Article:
U.S. winter-wheat production may surge 13 percent this year as warm, wet weather in the southern Great Plains and eastern Midwest boosts yields and encourages farmers to harvest early.
The crop may total 1.694 billion bushels, up from 1.494 billion last year, the U.S. Department of Agriculture said today in a report. Analysts in a Bloomberg survey forecast 1.658 billion bushels, on average. Hard-red winter varieties grown in the southern Plains and soft-red winter wheat sown in the Midwest account for about two-thirds of U.S. wheat output.
“The soft-red winter crop looks excellent,” Dan Manternach, a wheat economist at Doane Advisory Services in St. Louis, said in a telephone interview earlier this week. The crop in Kansas, the biggest grower of winter varieties, is “certainly better than most of us would’ve expected,” he said after touring fields in the state for three days.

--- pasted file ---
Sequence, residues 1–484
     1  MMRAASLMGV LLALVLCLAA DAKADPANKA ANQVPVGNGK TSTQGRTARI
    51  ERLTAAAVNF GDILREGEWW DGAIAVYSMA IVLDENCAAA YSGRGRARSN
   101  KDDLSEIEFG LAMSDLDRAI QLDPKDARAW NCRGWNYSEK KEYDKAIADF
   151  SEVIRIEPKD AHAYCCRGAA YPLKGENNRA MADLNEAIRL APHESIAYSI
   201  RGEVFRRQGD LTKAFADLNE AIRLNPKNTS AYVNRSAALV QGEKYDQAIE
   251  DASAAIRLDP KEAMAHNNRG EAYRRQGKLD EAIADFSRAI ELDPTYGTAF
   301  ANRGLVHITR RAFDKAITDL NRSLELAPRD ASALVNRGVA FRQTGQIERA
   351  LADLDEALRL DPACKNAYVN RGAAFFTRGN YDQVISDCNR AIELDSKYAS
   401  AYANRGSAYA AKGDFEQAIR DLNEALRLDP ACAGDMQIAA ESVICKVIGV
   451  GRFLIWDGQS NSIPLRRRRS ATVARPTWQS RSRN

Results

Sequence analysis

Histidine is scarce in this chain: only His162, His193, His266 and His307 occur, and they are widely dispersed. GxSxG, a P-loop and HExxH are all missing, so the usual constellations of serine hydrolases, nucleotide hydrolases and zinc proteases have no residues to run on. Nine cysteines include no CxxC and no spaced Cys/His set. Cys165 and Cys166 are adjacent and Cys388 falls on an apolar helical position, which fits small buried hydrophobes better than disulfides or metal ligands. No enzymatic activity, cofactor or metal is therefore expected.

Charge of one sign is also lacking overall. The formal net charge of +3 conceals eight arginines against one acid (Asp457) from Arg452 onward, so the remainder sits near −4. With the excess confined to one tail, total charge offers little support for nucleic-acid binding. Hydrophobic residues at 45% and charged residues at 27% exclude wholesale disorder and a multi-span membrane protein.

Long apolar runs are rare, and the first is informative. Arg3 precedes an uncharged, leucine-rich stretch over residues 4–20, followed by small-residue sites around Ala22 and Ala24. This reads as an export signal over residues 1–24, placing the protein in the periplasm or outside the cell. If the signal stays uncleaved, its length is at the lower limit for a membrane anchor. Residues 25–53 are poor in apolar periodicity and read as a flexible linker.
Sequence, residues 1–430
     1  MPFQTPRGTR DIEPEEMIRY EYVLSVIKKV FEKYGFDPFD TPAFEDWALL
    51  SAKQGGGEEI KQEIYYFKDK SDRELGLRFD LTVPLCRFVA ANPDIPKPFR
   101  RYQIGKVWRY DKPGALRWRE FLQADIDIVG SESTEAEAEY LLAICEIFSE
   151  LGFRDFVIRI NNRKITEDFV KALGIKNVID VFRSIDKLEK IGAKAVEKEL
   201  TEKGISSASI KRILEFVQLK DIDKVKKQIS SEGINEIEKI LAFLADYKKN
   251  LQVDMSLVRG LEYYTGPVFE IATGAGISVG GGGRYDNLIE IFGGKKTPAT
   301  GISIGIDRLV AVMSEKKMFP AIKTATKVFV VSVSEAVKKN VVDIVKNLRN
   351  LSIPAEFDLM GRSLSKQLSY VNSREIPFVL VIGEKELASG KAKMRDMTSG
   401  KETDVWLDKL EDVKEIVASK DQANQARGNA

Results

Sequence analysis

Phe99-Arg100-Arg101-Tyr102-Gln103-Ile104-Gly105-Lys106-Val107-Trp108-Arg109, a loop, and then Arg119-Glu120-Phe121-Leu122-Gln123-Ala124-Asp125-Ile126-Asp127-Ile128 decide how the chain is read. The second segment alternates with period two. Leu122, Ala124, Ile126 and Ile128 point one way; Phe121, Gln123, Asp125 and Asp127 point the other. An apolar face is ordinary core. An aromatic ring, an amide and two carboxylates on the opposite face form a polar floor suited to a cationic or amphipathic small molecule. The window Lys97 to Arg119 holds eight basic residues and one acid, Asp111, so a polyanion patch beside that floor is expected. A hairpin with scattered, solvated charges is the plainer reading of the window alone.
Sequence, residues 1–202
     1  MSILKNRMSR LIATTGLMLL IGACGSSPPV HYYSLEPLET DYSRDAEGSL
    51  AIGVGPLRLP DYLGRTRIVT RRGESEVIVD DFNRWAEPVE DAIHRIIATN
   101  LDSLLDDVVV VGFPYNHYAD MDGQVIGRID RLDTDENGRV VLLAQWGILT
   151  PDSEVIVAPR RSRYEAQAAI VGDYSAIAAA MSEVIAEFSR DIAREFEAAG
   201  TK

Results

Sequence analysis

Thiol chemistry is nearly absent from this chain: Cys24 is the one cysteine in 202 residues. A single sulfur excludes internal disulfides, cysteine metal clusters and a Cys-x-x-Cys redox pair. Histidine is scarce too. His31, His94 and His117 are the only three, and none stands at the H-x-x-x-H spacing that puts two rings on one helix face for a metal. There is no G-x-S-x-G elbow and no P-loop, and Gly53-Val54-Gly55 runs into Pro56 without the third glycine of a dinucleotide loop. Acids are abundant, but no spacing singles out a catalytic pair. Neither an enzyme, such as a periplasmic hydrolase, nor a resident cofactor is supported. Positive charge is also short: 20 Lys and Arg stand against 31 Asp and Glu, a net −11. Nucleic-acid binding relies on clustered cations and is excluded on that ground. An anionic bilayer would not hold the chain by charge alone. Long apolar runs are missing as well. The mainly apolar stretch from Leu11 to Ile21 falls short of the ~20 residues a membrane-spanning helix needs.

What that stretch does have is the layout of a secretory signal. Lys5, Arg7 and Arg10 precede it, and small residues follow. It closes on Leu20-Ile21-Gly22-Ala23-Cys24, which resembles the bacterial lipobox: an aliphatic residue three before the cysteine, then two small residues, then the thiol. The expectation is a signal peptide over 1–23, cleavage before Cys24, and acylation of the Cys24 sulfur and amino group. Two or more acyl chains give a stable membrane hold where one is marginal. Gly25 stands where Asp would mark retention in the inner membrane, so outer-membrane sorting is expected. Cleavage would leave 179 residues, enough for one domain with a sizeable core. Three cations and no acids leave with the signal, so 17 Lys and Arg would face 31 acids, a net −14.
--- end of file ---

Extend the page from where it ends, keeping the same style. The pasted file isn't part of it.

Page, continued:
Wheat futures in Chicago have fallen 8.1 percent this year, closing at $6 a bushel yesterday, as parts of Kansas and Oklahoma, the biggest winter-wheat growers, had more than twice the normal amount of rainfall in the past 60 days, National Weather Service data show.
Output of hard-red winter wheat, used to make bread, may jump 32 percent to 1.032 billion bushels from 780.1 million last year, according to the USDA. Production of soft-red winter wheat, used in cakes and cookies, will fall 6.4 percent to 428.3 million bushels, the department said.
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